Patellar and Quadriceps Tendonitis – also called Jumper’s Knee, this condition occurs as a result of overused or tight quadriceps (front thigh muscles). Stress and friction affect the patellar tendon which can become irritated and / or damaged. This is common among athletes who play on hard surfaces, such as basketball or tennis.

Chondromalacia Patella Syndrome – when the cartilage on the under surface of the patella breaks down as a result of abnormal patella tracking, resulting in pain that may radiate toward the back of the knee. Pain is greatest on the inner, lower part of the knee. Chondromalacia can lead to arthritis.

Osgood-Schlatter Disease – as the quadriceps contract, especially during growth in adolescents, the patellar tendon is pulled where it attaches to the shin bone (tibia). Pain at the top of the shin may be felt which may last for several weeks or even months.

Ligament Tears – complete or partial tears of the ACL, LCL, MCL or PCL ligaments (see diagram).

Knee Strain – a mild injury to tissue or structures, such as tendons in the knee.

Knee Sprain – a moderate injury to tissue or structures, such as ligaments in the knee.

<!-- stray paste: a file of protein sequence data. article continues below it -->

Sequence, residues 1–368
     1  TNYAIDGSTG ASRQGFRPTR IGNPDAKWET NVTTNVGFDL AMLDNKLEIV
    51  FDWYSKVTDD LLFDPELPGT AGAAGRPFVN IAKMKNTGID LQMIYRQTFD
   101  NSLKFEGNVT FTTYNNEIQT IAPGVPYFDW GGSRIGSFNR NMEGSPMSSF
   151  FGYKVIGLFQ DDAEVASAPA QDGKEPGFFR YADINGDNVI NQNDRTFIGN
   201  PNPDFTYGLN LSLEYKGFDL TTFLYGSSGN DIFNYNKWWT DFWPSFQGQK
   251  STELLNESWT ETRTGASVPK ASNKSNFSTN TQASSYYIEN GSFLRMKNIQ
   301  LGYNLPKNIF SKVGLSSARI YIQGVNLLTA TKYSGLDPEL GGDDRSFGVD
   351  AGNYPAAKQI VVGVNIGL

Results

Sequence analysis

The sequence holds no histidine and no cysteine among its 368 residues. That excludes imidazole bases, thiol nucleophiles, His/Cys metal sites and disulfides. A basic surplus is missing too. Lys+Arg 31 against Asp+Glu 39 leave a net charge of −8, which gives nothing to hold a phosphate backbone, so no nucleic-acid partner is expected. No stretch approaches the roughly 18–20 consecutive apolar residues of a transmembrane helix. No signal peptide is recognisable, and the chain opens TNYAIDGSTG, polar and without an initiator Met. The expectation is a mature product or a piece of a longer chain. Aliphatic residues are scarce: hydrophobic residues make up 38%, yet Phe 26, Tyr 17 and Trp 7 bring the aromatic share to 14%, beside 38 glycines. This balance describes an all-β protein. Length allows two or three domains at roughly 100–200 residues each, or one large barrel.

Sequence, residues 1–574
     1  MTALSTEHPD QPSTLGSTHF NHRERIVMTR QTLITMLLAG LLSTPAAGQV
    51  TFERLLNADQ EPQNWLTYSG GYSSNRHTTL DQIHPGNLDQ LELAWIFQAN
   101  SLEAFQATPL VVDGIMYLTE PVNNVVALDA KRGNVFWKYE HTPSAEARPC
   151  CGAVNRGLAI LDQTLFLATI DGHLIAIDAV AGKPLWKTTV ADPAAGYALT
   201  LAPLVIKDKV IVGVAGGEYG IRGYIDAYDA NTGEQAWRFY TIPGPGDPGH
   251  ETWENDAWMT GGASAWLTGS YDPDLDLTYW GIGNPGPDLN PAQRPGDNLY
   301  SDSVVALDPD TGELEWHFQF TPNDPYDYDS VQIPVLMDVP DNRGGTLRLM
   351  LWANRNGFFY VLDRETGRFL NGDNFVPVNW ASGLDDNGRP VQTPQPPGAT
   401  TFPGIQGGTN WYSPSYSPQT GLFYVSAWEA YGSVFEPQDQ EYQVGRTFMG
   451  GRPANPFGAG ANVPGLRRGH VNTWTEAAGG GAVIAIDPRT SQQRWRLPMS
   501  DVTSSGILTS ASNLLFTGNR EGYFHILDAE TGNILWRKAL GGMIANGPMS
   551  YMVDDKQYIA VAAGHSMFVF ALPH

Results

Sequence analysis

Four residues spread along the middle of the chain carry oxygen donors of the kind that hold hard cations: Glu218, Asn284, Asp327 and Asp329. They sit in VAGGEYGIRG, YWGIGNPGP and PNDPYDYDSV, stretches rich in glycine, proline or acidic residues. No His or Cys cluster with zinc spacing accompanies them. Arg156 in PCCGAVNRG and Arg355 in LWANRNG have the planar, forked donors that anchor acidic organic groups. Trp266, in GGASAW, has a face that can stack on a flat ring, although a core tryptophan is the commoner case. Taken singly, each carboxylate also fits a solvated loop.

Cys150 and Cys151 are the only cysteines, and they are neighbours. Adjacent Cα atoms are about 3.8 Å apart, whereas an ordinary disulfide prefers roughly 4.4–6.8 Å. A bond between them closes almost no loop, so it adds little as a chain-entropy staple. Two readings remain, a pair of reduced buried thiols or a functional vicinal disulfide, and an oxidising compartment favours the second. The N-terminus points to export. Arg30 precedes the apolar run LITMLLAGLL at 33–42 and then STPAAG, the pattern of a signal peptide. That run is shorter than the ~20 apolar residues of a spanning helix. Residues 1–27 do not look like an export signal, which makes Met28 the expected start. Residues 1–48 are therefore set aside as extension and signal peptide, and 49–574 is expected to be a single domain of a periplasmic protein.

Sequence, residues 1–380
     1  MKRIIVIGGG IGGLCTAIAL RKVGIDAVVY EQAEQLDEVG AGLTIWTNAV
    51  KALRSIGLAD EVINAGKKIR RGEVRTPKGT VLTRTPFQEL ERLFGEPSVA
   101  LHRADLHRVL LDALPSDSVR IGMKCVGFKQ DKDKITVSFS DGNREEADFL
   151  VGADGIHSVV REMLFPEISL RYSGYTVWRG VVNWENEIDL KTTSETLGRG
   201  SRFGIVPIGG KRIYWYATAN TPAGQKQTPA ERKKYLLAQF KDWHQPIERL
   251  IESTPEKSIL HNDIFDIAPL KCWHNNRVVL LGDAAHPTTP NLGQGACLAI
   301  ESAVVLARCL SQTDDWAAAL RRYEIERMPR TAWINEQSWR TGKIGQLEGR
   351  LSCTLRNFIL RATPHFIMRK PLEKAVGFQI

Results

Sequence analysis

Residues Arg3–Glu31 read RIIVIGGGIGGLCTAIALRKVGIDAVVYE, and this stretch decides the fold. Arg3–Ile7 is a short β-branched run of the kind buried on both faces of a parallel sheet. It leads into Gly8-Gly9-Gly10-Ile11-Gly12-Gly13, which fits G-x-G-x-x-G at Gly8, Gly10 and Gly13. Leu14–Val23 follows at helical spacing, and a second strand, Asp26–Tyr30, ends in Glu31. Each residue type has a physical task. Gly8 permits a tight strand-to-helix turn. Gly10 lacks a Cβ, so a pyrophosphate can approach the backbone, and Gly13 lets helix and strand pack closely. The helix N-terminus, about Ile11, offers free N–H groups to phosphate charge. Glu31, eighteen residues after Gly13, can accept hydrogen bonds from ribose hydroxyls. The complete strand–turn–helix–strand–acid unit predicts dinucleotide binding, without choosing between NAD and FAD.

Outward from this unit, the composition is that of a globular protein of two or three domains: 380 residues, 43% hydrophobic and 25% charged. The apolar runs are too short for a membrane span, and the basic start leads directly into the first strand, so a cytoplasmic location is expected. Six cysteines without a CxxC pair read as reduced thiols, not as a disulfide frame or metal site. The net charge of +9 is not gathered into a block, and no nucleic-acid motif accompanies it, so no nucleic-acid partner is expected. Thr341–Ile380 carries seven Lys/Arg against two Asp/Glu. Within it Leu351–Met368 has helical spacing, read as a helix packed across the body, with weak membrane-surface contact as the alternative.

Bursitis – an inflammation of the bursae (fluid-filled sacs that cushion thebones, tendons and ligaments) caused by an injury or overuse. These sacs can enlarge with extra fluid, resulting in joint pain, tenderness and swelling as they push against the inner tissues.

Degenerative Joint Disease – advanced arthritis that starts to break down the actual bones of the joint.

Dislocation (Patellar Subluxation) – occurs when the kneecap (patella) partly moves out of place as a result of the kneecap being pushed too hard, or the quadriceps, retinacula, or patellar tendon being pulled too hard.

Meniscal Injuries – the result of abnormal stresses caused during twisting injuries of the knee that result in strain / tears of the meniscal tissues.